Senate Impasse Means Student Loan Rates Will Double Monday
Obama, GOP seek to link rate to Treasury rates, but disagree on formula
Interest rates on federal student loans will double Monday -- at least temporarily.
Congress has passed a series of one-year extensions to a law which cut the loan rate to 3.4%. This year, President Obama and House Republicans proposed different forms of a permanent fix, linking the rate to Treasury rates. The White House version would push rates lower and lock in the rate for the life of the loan, while the GOP version would adjust the rate each year.
Republicans' bill passed the GOP-controlled House, but the Democratic Senate majority rejected a similar proposal, while Senate Republicans blocked an attempt to end debate on a Democratic bill for another one-year extension. Since those votes, the Senate has been preoccupied with the immigration debate, and last-ditch efforts by each party to bring a loan bill to the floor were summarily rejected. As a result, the interest rate will revert Monday to 6.8%.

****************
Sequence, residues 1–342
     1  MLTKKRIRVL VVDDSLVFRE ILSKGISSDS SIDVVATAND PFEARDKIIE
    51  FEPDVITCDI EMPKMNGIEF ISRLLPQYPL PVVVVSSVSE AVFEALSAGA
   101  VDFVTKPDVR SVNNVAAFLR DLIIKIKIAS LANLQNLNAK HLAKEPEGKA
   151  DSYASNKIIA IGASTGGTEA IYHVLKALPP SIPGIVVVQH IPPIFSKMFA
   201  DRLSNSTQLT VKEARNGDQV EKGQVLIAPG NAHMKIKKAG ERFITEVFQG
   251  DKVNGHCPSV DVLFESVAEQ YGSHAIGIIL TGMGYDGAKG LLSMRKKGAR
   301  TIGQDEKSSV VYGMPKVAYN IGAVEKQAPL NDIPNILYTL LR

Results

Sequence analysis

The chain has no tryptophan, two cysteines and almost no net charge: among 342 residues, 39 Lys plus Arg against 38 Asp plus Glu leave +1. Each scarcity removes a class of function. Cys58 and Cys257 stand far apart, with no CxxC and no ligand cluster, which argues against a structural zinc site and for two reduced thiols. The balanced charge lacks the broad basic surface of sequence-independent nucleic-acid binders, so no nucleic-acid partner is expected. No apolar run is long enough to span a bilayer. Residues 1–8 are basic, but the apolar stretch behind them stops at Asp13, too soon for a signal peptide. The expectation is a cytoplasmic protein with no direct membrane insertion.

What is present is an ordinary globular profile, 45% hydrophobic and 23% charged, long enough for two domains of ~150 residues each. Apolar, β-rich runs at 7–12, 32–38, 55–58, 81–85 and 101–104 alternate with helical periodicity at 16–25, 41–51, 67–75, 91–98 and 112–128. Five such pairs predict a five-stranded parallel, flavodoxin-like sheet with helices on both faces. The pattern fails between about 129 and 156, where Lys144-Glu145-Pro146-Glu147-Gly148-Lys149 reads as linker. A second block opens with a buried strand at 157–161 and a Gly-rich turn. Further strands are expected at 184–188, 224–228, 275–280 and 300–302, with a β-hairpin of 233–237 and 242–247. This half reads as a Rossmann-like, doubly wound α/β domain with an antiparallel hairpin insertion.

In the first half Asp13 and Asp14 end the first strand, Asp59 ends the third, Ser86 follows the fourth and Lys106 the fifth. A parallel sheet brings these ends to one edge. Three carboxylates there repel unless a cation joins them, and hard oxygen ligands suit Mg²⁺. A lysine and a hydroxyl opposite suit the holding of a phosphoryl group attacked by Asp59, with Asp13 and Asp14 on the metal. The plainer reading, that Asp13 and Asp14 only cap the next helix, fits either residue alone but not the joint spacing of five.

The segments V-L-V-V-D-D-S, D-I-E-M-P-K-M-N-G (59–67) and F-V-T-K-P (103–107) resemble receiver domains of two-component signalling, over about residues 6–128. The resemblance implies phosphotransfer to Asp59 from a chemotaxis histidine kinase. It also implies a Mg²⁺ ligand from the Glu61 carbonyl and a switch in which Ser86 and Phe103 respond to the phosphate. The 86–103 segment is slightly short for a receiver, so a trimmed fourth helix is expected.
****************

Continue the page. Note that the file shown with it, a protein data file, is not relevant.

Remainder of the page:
Fifth District Representative Susan Brooks (R) blasts the Senate impasse as "embarrassing and disgraceful." She says the House bill would take politics out of the equation by tying student loans to market rates. The former Ivy Tech vice president says students should be able to benefit from the same low interest rates as homeowners and car buyers.
If rates rise again, Brooks says, the House bill would protect students by capping the rate at 8.5%. Obama has criticized the GOP formula, arguing rates could end up even higher than the level they'll hit on Monday when rates double.
Senators on both parties are already gearing up for a second round of votes July 10 on competing bills to reduce the rate again retroactively: a second version of Democrats' one-year extension, and a bipartisan bill authored by West Virginia Democrat Joe Manchin attempting another version of a Treasury-linked rate.
Indiana Senator Dan Coats (R) was absent for the votes on the first set of bills, while Senator Joe Donnelly (D) voted to move ahead with the Democratic bill and block the Republican one. A Donnelly spokeswoman says the senator is "disappointed" the House and Senate haven't been able to reach agreement.